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The Music of Ruins: Unfinished Scales in Tripoli

Maqam Bayati = Fortune

I walk the hills of Koura
village after village

the winter rain directs me;
I walk the remnants of hearts

with balconies of scattered voices
like a century wrinkled

on shattered windows
I walk to ask you

if you ached
between two truths

I walk to ask what
these olive trees hid for you

And when I reach Amioun
your feet become mine

your lean body becomes mine
your vigor becomes mine

The sky opens the sea
and you tell me how to play

this place for you

À Fortune Nicolas Matouk

Maqam Ajam = Josephine

You told me, arrête de pleurer
and for years I didn’t understand

you were preparing me
for the many deaths to come

You told me, live all the life you can
et n'oublie pas d'aller au Liban

And ever since you’ve gone, I ask:
Where is the band playing tonight,
where are you tonight?

And each time that day returns:
Dalida is playing
Fairuz isn’t far

your daughter is dancing
you are watching her
I am watching you

then you hold my hand
and the world clears

I’d do anything to tell you
I’m here

then I see you waving from the shore

À Josephine Matouk Deeb

Maqam Saba = Nagib

On est dans les bras d’un autre pays—

The absence of what we love
is our greatest ache

then we discover it stays absent

that we are rooted in our broken voice
but still—

Sail

sail

we tell each other,

sail back

À mon père

Maqam Sikah = Shadow

You place your forehead                                                                                        against mine

and at the split in the street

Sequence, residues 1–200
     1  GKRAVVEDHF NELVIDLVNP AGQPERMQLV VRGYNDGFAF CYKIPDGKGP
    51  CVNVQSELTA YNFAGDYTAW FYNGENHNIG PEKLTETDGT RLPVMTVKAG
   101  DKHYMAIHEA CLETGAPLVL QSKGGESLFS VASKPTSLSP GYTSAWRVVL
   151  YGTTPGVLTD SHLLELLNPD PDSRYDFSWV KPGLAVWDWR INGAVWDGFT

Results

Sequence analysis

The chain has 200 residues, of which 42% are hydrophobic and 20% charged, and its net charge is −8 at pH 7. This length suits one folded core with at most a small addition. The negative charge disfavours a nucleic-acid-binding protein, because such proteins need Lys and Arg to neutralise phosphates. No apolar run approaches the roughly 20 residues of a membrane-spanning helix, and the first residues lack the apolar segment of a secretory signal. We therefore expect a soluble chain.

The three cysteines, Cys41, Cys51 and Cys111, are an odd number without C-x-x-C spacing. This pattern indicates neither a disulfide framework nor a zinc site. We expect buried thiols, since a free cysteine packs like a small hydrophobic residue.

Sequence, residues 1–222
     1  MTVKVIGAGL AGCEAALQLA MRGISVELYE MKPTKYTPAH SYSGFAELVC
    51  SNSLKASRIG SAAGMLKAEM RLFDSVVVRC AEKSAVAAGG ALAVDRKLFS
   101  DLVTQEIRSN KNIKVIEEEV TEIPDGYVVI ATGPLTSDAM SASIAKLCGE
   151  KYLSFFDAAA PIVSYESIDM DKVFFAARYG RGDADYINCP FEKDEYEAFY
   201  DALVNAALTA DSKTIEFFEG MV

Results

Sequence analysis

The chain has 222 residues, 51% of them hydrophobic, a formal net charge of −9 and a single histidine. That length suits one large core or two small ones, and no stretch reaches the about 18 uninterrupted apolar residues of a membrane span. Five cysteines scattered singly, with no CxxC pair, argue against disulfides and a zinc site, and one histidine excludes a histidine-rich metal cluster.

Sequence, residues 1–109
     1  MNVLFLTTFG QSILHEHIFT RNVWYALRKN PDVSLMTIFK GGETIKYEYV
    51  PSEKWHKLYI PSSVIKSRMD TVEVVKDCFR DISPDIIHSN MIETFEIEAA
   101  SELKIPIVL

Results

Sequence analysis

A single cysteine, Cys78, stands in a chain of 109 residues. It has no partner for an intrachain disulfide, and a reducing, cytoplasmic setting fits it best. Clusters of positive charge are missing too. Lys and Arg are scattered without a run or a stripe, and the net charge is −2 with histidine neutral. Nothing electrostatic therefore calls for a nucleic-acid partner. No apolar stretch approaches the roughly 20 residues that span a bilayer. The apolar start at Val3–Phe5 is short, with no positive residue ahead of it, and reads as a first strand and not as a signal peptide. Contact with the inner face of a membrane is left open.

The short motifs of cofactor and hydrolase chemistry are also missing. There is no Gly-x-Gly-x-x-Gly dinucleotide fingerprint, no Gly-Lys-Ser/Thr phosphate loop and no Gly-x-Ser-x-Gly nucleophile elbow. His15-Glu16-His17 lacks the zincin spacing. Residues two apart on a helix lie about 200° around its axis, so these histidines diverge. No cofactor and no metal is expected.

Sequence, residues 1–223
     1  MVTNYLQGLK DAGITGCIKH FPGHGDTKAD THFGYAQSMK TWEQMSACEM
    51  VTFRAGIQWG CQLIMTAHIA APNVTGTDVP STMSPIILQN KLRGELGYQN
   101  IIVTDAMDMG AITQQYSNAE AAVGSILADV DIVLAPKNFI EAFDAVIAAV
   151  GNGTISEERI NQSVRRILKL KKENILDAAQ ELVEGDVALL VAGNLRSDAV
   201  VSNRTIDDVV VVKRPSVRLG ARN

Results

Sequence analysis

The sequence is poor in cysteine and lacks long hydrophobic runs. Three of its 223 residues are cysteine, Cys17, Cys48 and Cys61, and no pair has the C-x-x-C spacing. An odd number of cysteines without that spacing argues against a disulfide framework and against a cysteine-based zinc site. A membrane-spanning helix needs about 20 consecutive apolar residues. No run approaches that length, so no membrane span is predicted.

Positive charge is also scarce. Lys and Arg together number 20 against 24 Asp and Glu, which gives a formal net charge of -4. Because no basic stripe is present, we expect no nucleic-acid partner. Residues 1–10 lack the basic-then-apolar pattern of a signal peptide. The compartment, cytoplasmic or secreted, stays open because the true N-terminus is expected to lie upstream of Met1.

ask me where to
and I ask you what I left

We practice disappearing
touch water feel the stone

ask ourselves

if what we end up stealing
is ours all along

We excavate our bodies
with our breaths

you place a kiss on my shoulder
I place one on your neck

light slips on our shadow.
eternity isn’t ours to take

we let the city measure our heart
without telling us its width

 

Takht Trabulsi

We wait for them to begin—

Our old hearts

hymns full of holes

walls full of bullets

interrupt our memories

so the walls can step aside

so tilted light misses the turns

and we think, this ache

this speed around distance

this tangled echo this wind

this root we unwind

this water around this wailing

this misting night

this tune that saves us

from what we never name

voices tunneling voices.

And then they begin—

the oud qanun rabab ney

the violin riq dumbek

we slip into

drift into their sound

that tells us

to improvise ecstasy

that our murmurs

will cross the doubt of birds

the abandoned trains

the wild untouched silence

that here

dust is an unwritten lyric

the Levantine violet

is composing

 

Note: Maqam (plural maqamat) literally means “place” in Arabic; and it’s the name of the melodic scales used in Arabic music. Every maqam possesses emotional content. Certain emotions evoked by these maqamat were chosen for this ensemble of poems, namely Maqam Bayati (vitality and joy); Maqam Ajam (brightness, happiness, majesty, pride and aliveness); Maqam Saba (sadness and pain); and Maqam Sikah (tenderness and love). Takht is a musical ensemble.

Contributor
Nathalie Handal

Nathalie Handal’s recent books include the flash collection The Republics, lauded as “one of the most inventive books by one of today’s most diverse writers.” She is the winner of the Virginia Faulkner Award for Excellence in Writing as well as the Arab American Book Award. She is the author of the bestselling collection The Invisible Star; the critically acclaimed Poet in Andalucía; and Love and Strange Horses, winner of the Gold Medal Independent Publisher Book Award, which The New York Times says is “a book that trembles with belonging (and longing).” Handal is a professor at Columbia University and writes the literary travel column "The City and the Writer" for Words without Borders. She was a Visiting Writer at AUB, Spring 2017.

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